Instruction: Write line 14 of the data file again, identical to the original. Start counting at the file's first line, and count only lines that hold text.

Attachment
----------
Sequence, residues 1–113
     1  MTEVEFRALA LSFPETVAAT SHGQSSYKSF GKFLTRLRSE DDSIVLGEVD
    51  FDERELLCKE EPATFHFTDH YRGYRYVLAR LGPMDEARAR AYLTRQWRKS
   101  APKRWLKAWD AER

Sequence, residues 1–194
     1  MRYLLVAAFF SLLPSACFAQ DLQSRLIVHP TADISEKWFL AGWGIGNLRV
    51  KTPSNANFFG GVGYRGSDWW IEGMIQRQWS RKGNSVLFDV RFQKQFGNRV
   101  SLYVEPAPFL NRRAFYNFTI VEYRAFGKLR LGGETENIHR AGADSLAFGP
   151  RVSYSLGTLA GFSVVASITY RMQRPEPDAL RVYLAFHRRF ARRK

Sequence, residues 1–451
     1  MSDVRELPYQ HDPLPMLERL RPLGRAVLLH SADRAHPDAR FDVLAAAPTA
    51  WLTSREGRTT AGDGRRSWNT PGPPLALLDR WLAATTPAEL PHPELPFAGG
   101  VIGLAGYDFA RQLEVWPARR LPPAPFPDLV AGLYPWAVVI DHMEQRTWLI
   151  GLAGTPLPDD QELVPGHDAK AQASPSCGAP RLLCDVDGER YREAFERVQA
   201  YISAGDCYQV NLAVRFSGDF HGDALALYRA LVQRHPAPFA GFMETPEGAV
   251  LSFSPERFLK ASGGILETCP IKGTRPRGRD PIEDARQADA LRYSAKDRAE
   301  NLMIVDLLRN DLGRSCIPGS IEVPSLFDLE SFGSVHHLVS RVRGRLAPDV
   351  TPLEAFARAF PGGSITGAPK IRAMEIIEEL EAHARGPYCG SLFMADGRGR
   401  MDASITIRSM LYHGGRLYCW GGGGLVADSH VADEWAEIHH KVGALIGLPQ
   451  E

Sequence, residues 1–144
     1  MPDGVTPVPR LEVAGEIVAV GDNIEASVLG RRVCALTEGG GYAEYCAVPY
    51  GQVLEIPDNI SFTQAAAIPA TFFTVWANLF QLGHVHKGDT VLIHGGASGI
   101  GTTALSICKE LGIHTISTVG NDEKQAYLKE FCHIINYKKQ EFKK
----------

   151  GLAGTPLPDD QELVPGHDAK AQASPSCGAP RLLCDVDGER YREAFERVQA